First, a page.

Food Field Note

Food, food, glorious food!
Introduction::

Food is very different here from the United States.  You can order chicken feet in restaurants here , as well as pick out the live fish you want to eat  from tanks in the front of the restaurants.  I hear some places in China even serve rat on a stick!  I think that sounds really gross!  But I would still try it!  It’s a new country and a new experience, and I don’t think I should pass anything up!

What food did I try?: 

Before coming to China, the only thing I was nervous about eating was carp.  Carp is a type of fish.  In Utah, where I’m from, carp are a big problem and are considered “trash fish.”  They call them that because they aren’t considered edible, and they stir up the mud on the bottom of lakes, streams and rivers, making life really hard for other marine animals that need clean water to live.

Rachael mentioned that any fish is really a product of its environment, and that carp in China might not be bad if it came from clean water.  Well, Rachael was right!  The water in which carp live here isn’t really bad, and the carp even look cleaner!  The first time I ate carp here, it was actually really good!  I wonder if there is any food you  eat that is unique in mei guo. Do you remember what mei guo means from my last article? It means “beautiful country”.  Are there any foods you’ve heard of people in China eating that you think I should try?

Rachael wants to help our Chinese mama cook so that we learn how to cook all the delicious foods we eat.  Mama won’t let Rachael help though, because she says it is bad for bao bao, the Chinese word for baby.  We are expecting our first child while living here in China.  We are going to name her “Wicker” for her first name, and we want her middle name to be a Chinese name.  Right now we think it might be dan, which is the name for the lotus flower and is pronounced “dawn”.  So for now, Rachael isn’t allowed to help, and mama has only let me look over her shoulder a few times.  The Chinese are very guest-oriented, and it is a source of pride to take care of friends.  I think it is because of this that mama doesn’t want me to help cook.  She even yells at us every time we clean up our own plates after a meal!  We do it anyway though.  Mama says in Chinese “don’t do, don’t do!” and I say back to her in Chinese  “you say don’t do, but I do!”  That makes her laugh!

 How did I feel when I tried it?: 

 Something Rachael and I have really liked is that Chinese food makes us feel much better than American food! We think it’s because the food really isn’t meant to be stored here, so it doesn’t really have preservatives. Everything is pretty much made to be eaten right away.  Our whole digestive system feels better eating Chinese food than American food.  Chinese food here really isn’t deep fried either, so the food is not breaded.  We think that makes us feel better as well.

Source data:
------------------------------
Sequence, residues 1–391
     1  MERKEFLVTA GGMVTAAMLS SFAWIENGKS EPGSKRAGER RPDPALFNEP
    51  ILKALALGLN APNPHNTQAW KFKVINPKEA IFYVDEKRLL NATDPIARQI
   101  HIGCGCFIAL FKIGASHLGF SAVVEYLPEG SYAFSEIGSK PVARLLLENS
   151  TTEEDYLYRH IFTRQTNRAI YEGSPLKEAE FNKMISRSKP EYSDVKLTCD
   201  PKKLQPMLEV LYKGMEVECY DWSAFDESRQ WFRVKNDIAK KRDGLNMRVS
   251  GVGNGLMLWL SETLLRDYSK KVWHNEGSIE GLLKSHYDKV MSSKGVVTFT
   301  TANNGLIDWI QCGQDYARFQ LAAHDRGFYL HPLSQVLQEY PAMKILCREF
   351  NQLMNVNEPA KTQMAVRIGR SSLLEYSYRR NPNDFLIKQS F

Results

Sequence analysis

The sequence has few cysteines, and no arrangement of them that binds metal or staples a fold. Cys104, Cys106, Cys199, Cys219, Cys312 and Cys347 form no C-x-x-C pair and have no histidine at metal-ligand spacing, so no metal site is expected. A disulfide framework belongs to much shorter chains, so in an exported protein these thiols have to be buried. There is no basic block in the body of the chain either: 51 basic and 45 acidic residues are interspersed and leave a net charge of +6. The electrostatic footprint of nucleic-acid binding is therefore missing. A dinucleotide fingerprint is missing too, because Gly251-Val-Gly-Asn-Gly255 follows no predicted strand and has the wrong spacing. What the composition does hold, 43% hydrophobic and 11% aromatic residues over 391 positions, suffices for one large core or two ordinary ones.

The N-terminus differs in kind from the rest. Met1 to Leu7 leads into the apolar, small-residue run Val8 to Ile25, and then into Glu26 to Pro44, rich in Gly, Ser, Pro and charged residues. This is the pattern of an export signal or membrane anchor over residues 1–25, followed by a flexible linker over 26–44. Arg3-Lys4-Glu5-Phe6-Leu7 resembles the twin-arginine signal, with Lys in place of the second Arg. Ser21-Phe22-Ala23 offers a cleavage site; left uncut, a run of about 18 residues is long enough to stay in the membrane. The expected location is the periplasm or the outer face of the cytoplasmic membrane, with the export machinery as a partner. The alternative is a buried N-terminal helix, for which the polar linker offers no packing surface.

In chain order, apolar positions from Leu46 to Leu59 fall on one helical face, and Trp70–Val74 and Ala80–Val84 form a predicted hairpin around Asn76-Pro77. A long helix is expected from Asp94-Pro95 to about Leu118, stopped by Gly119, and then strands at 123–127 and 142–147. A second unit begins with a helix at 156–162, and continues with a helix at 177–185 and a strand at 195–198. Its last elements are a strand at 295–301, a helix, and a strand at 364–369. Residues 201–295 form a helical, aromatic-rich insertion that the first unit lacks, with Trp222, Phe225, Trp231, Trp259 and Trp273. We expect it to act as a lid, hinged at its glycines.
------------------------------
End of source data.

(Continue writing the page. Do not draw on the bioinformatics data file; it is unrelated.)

When we go to Chinese friend’s houses, we have learned how to say that we don’t want our food really spicy!  We had to learn how to say that after the time we ate out and ordered a whole plate of spicy hot peppers!  We thought they were green beans in the picture, but they were hot peppers!  Rachael and I both ate some of them, but they made our mouths burn!  That same day, we also ordered a big plate of liver, thinking it was beef strips!  That was an interesting lunch!

 How is the food prepared?: 

Most of the food here is also sauteed in a wok.  Mama’s wok looks like a big metal bowl.  The stoves are all made for heating the woks perfectly, so they have a big space where the wok fits right in!  Mama heats up a little bit of oil, then adds in the food and tosses everything around while cooking it.  She seasons the food, and serves everything with rice!  We have rice for breakfast, lunch and dinner!  If we don’t have rice at a meal, then I don’t feel normal!

Is this food connected to the local environment? How?: 

A lot of the food we eat all comes from around here.  There aren’t big farms in the cities, but you can buy live chickens and fish in the market, and eggs come in big bags!  Beef and lamb are really popular here as well, but people don’t keep those in the cities, so you can’t buy those live at the market.

Plate of Peppers!

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